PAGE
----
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Dinitrogen emissions and the N2:N2O emission ratio of a Rendzic Leptosol as influenced by pH and forest thinning

Dinitrogen emissions and the N2:N2O emission ratio of a Rendzic Leptosol as influenced by pH and forest thinning
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Dannenmann M, Butterbach-Bahl K, Gasche R, Willibald G, Papen H

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Soil Biology & Biochemistry 40, 2317-2323, 2008

Dinitrogen emissions and the N2:N2O emission ratio of a Rendzic Leptosol as influenced by pH and forest thinning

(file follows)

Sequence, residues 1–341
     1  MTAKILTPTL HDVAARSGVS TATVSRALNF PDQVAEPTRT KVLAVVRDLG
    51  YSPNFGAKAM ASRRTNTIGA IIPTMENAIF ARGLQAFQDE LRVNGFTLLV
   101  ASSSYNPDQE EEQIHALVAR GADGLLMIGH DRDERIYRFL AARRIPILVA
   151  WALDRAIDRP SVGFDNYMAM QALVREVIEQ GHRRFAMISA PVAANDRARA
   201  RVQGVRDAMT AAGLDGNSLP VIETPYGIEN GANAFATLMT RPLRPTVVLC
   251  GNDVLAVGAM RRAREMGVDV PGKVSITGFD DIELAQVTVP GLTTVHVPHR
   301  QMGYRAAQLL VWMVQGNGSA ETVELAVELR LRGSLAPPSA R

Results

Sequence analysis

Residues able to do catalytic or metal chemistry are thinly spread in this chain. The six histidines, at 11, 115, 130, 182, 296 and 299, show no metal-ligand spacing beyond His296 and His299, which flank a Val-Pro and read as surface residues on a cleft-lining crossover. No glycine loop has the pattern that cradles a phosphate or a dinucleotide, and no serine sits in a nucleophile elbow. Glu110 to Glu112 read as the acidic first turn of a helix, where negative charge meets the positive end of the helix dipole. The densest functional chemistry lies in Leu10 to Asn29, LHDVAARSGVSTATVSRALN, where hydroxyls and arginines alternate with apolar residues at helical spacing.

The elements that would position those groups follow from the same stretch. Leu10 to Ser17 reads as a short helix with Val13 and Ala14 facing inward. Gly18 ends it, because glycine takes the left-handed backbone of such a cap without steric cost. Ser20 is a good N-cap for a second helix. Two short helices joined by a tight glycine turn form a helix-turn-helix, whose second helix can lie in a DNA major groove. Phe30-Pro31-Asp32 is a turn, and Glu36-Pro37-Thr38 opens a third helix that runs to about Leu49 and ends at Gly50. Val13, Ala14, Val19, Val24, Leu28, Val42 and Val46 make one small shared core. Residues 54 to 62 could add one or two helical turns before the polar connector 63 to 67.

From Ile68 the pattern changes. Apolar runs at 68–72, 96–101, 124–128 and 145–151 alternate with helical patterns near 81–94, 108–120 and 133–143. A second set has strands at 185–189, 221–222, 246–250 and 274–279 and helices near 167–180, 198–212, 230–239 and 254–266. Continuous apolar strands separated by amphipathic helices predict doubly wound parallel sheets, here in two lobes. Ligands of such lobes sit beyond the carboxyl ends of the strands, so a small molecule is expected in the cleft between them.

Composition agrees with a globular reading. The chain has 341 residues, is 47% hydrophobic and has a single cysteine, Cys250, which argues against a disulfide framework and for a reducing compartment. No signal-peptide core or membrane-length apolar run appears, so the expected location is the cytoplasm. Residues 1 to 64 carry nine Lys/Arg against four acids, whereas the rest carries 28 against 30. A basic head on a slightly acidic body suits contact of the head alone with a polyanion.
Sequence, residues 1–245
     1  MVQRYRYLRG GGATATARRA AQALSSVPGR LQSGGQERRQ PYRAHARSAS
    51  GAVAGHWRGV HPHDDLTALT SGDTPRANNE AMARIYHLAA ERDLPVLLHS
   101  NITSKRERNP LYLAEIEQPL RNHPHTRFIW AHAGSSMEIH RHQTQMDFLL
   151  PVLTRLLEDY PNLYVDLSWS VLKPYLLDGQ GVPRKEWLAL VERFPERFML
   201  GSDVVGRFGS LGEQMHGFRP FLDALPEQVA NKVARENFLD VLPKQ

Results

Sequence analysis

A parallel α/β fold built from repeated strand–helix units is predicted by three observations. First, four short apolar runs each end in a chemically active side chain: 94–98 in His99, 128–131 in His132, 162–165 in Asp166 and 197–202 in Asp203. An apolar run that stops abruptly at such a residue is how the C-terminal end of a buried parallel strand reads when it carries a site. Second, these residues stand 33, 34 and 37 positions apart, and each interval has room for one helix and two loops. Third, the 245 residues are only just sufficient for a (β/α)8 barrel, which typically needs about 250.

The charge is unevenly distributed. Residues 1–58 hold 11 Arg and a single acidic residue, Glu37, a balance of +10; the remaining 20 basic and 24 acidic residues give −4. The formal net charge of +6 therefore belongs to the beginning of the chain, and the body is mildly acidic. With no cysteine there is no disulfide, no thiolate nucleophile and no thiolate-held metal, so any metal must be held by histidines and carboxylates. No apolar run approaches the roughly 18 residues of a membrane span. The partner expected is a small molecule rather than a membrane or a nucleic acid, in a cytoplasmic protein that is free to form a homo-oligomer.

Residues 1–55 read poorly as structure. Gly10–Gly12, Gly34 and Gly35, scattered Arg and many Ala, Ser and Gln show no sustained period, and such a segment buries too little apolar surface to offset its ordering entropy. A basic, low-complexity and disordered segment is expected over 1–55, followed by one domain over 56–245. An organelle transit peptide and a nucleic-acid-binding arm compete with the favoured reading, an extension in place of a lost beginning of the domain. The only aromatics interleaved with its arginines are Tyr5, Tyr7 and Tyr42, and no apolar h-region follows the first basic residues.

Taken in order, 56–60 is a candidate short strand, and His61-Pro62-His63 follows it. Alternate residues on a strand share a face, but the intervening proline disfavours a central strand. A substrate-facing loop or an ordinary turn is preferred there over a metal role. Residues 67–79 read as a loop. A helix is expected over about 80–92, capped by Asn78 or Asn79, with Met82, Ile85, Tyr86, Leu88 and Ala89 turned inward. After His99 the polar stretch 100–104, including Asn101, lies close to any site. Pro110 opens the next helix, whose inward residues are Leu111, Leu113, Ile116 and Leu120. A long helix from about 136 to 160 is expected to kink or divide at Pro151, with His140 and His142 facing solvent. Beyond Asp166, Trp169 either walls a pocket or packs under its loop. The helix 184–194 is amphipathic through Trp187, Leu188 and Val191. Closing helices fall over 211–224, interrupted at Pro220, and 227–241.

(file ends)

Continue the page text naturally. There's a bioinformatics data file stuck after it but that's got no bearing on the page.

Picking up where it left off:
Reduction of nitrous oxide (N2O) to dinitrogen (N2) by denitrification in soils is of outstanding ecological significance since it is the prevailing natural process converting reactive nitrogen back into inert molecular dinitrogen. Furthermore, the extent to which N2O is reduced to N2 via denitrification is a major regulating factor affecting the magnitude of N2O emission from soils. However, due to methodological problems in the past, extremely little information is available on N2 emission and the N2:N2O emission ratio for soils of terrestrial ecosystems. In this study, we simultaneously determined N2 and N2O emissions from intact soil cores taken from a mountainous beech forest ecosystem. The soil cores were taken from plots with distinct differences in microclimate (warm-dry versus cool-moist) and silvicultural treatment (untreated control versus heavy thinning). Due to different microclimates, the plots showed pronounced differences in pH values (range: 6.3–7.3). N2O emission from the soil cores was generally very low (2.0 +- 0.5–6.3 +- 3.8 mg N m-2 h-1 at the warm-dry site and 7.1 +- 3.1–57.4 +- 28.5 mg N m-2 h-1 at the cool-moist site), thus confirming results from field measurements. However, N2 emission exceeded N2O emission by a factor of 21 +- 6–220 +- 122 at the investigated plots. This illustrates that the dominant end product of denitrification at our plots and under the given environmental conditions is N2 rather than N2O. N2 emission showed a huge variability (range: 161 +- 64–1070 +- 499 mg N m-2 h-1), so that potential effects of microclimate or silvicultural treatment on N2 emission could not be identified with certainty. However, there was a significant effect of microclimate on the magnitude of N2O emission as well as on the mean N2:N2O emission ratio. N2:N2O emission ratios were higher and N2O emissions were lower for soil cores taken from the plots with warm-dry microclimate as compared to soil cores taken from the cool-moist microclimate plots.We hypothesize that the increase in the N2:N2O emission ratio at the warm-dry site was due to higher N2O reductase activity provoked by the higher soil pH value of this site. Overall, the results of this study show that the N2:N2O emission ratio is crucial for understanding the regulation of N2O fluxes of the investigated soil and that reliable estimates of N2 emissions are an indispensable prerequisite for accurately calculating total N gas budgets for the investigated ecosystem and very likely for many other terrestrial upland ecosystems as well.